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S.C. teen killed on road named for his father
Dad’s memorial site of accident
Question of the Day
WELLFORD, S.C. | Aaron Hill knew the road well, and not just because it was the route he took to high school every day. The five-mile stretch of highway was named in memory of his father, a soldier killed by a roadside bomb in Afghanistan in 2008.
But on his way to class Thursday morning, the 18-year-old senior was killed when a pickup truck crossed the center line and smashed head-on into his car, authorities said.
Now the Hill family — and many others in this town of nearly 2,300 are grieving again.
“It’s tragic. No one should have to go through this. They’ve been through so much,” said Sheriff Chuck Wright, a friend of the family. “It’s just unreal that he died on the same highway named after his father.”
Aaron was going to graduate in a few months and had talked about joining the military just like his father.
“Even after his father’s death, he kept a positive attitude. He kept that smile,” the sheriff said.
The teenager was pronounced dead at the scene along the section of two-lane Highway 129 known as the Sergeant Shawn F. Hill Memorial Highway. The driver of the pickup, Michael Blake White, 27, was taken to the hospital along with three students who had been in Hill’s car. Their conditions were not released.
The cause of the crash was under investigation and no immediate charges were filed. But state officials said the other driver did not have a valid driver’s license, having lost it nearly a year ago for speeding.
Aaron’s friends from 2,200-student Byrnes High School held hands and cried at the scene of the accident and set up a memorial to “A-Rod” consisting of flowers, candles and three crosses painted green and orange, because he was a University of Miami fan. Spray-painted on the road was a heart with the words “RIP AROD.”
Sheriff Wright said he got to know the family years ago when Aaron and the sheriff’s son were playing baseball. It was the sheriff who went to the accident scene and identified the body Thursday. Then he visited with the teen’s family. He said Aaron’s mother, Julie, was distraught but trying to hold together a family that includes Aaron’s two younger brothers.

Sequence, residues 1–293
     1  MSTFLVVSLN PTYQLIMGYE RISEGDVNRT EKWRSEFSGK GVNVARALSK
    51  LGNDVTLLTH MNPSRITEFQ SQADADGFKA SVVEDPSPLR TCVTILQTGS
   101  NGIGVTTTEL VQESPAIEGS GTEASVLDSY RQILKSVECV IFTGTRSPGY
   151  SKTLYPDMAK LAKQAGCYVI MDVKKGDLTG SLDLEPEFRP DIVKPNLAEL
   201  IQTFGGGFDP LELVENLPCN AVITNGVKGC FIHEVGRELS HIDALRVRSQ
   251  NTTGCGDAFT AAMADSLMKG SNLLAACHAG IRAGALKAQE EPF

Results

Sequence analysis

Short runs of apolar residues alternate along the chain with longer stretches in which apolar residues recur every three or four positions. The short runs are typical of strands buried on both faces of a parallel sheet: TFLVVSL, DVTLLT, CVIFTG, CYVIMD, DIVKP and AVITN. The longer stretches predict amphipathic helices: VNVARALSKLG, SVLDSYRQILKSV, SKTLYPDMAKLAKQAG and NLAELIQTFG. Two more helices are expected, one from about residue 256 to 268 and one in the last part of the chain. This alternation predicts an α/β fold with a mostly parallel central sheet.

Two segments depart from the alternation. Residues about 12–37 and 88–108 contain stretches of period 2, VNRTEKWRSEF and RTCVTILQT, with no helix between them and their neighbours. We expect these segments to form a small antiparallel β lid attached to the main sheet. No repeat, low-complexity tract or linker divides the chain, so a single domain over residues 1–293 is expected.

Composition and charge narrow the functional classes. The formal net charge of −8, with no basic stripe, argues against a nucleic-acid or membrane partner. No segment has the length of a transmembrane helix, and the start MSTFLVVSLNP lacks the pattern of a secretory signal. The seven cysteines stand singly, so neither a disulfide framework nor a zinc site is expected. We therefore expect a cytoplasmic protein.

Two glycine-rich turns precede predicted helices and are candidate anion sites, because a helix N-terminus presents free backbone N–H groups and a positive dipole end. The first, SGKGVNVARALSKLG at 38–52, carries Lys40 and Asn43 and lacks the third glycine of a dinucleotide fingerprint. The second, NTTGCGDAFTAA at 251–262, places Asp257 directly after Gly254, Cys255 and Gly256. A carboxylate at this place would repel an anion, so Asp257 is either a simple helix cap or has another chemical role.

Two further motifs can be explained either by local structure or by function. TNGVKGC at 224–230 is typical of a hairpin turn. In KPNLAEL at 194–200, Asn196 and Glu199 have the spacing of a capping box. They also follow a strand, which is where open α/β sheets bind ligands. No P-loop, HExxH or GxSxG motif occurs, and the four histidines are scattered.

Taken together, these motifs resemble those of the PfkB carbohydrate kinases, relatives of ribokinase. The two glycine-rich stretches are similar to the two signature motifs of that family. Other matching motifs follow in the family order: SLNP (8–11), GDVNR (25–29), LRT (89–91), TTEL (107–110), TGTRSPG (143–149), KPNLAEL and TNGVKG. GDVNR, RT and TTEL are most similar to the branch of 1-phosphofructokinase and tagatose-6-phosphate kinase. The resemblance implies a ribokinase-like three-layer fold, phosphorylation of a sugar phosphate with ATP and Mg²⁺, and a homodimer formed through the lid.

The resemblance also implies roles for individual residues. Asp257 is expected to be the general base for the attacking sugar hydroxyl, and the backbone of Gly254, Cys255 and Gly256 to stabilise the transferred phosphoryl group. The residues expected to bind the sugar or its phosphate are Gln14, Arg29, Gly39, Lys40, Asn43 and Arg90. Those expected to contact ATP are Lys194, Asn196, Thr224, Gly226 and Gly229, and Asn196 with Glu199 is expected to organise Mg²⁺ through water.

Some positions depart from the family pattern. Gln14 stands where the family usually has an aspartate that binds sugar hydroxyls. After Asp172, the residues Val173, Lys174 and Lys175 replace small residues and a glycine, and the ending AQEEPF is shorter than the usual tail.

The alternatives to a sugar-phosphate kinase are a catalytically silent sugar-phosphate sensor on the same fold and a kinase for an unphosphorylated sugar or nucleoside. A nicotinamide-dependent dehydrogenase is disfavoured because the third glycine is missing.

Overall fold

Hundreds of people attended the funeral three years ago of Aaron’s father, a 37-year-old member of the Army National Guard, and state lawmakers renamed the highway in his memory months later.
The elder Hill was an all-region defensive end at Byrnes High, a longtime football powerhouse that has won nearly a dozen state titles and has been nationally ranked. An electrician by trade, he joined the National Guard in 1996 and served in Iraq in 2004 and 2005.
At the Hill home in Inman, family members were inside grieving, and no one wanted to talk. On the back window of a blue minivan parked outside was a pair of praying hands with the words “In loving memory of Sgt. Shawn Hill.”
Ondrea Reid, a former neighbor, said Aaron took his father’s death hard harder than his siblings because the two had bonded over playing sports together. Aaron told her he was thinking about joining the military to honor his dad.
“I remember he told people he planned to finish school, go to college and make sure he did something to make his dad proud,” she said.
On Friday, Mrs. Reid drove down the road where Aaron died, past the green memorial sign honoring his father and the makeshift memorial at the crash scene.
“It’s really something to see the sign honoring such a great man and then drive a little more and see a memorial to his son,” Mrs. Reid said, pausing to take a deep breath. “Man, it’s just crazy.”
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